By Kara-Leah Grant,
Yesterday Samuel and I went for our usual morning walk around the boardwalk. As I pushed his pram down the dusty trail beside the river I started and stopped.
Was that a dead dragonfly on the trail?
I doubled-back and carefully picked up a grey, wizened and dusty dragonfly and placed it on the palm of my left hand to show Samuel.
I was startled when the dragonfly moved one leg out into a more comfortable position and I realized it wasn’t dead – at least, not entirely.
We stopped still and gazed at the dragonfly. In stark contrast to the young dragonfly that had landed on my shoulder the morning I published the electronic version of Forty Days of Yoga, this dragonfly had no vibrant colours at all.
It was the washed out grey of dirty dishwater and it’s abdomen looked like the life had been sucked out of it.
“Look it’s trying to fly!” said Samuel.
And so it was, buzzing it’s two front wings. The back ones remained stubbornly still though. I could now feel the pin pricks of it’s tiny feet pressing into my palm.
Was this the death-flutter of a dragonfly?
For a moment it almost felt too intimate and too confronting to have a dragonfly die on my palm. But there was something magical about holding this insect and being able to see it up close.
It’s eyes were completely grey and covered in a fine film of dust, as was it’s thorax. As it buzzed it’s front wings, I blew on it gently to shift the dust.
A moment or two later, instead of dying, the dragonfly’s back wings joined the buzzing insistence of the front wings and it took flight, heading up and over the river.
I followed it’s flight path, pointing it out to Samuel as the dragonfly dipped and turned over the river and in front of the mountains, marvelling that something so close to death was able to resurrect itself. The dragonfly turned back and flew over the river towards us and settled on a dried-up blackberry bush a few feet down from us.
Moving with stealth, I inched Samuel closer so we could watch it.
It’s wizened-up grey abdomen was no longer – it was pulsing and thickening, and colour was coming back into it. Even more astounding was it’s eyes – they’d turned to sparkling emerald and glinted in the morning sun.
No longer the dead, dried-out, grey dragonfly I’d picked up from the dust, the dragonfly appeared to literally be coming back to life.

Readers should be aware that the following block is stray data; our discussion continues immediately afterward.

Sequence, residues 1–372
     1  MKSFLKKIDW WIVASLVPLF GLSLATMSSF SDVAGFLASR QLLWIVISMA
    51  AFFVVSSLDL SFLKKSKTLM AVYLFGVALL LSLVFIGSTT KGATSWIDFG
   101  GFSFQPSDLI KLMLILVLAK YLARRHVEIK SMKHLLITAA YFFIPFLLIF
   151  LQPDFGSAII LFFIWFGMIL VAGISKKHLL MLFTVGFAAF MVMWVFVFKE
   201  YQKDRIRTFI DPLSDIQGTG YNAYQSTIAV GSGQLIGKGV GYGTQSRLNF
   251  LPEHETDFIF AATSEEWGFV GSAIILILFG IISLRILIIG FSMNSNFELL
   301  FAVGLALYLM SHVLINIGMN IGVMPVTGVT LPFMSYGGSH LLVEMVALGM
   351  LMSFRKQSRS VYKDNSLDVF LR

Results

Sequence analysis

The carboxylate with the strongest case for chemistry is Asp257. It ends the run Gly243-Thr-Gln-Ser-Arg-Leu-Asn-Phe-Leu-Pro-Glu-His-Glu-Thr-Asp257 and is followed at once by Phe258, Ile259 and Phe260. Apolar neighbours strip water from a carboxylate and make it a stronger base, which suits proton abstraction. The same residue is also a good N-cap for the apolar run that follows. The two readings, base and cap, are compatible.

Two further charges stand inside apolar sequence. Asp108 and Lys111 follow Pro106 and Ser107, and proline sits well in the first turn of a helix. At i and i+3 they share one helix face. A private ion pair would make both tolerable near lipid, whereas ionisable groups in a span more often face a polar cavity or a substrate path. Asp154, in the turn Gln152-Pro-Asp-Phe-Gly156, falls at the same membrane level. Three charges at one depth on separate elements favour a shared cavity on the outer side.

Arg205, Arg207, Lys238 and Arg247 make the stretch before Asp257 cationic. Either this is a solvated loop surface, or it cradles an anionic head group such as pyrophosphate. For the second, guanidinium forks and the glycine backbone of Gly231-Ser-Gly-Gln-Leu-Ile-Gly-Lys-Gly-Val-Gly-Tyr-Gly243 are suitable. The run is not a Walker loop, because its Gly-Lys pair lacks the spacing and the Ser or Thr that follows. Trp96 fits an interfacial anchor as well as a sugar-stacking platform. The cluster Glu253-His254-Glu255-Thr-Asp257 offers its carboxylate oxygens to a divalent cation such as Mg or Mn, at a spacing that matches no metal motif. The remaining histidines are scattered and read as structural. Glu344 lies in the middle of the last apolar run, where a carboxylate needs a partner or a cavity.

The pulse in the abdomen was the most pronounced symptom, but also the return of colour to it’s skin and eyes.
We sat there for five minutes or so, just watching and seeing, sharing a moment, before continuing on our way.
I felt like I’d witnessed a miracle and questions crowded my mind.
Had the dragonfly been close to death on the dusty path? What had given it new life? What had given it the strength to fly again? Why had the abdomen started pulsing and thickening up again, no longer grey and dried out? How had it’s eyes come back to colour?
Later, in conversation with a friend, I mentioned that I thought something had happened that allowed the dragonfly to breathe again. He told me that dragonflies don’t have lungs – that they breathe through openings in their abdomen.
Suddenly I could see a plausible explanation for the magic of the morning. The dragonfly had ended up in the dust which had blocked the air from getting into it’s body. It was dying. But when I lifted it up out of the dust and blew air on it, I must have cleared away enough dust that it could again breathe.
And with breath coming back into it’s system, everything began to fire up again. First it’s legs. Then it’s front wings. Then it’s back wings.
Plus, I moved the dragonfly out of the shade where it was cool. Turns out dragonflies can’t fly when their blood is too cold. Sitting it on my palm, I stepped into the sun, and with the warmth of the light, the dragonfly’s blood and wing muscles heated up enough so it could fly again.
Down in the dusty shady path, the dragonfly was deprived of oxygen, warmth and light and so couldn’t fly or move itself into the sun in order to save itself. It was dying.
My small action bought the dragonfly at least one more flight in the late summer sun.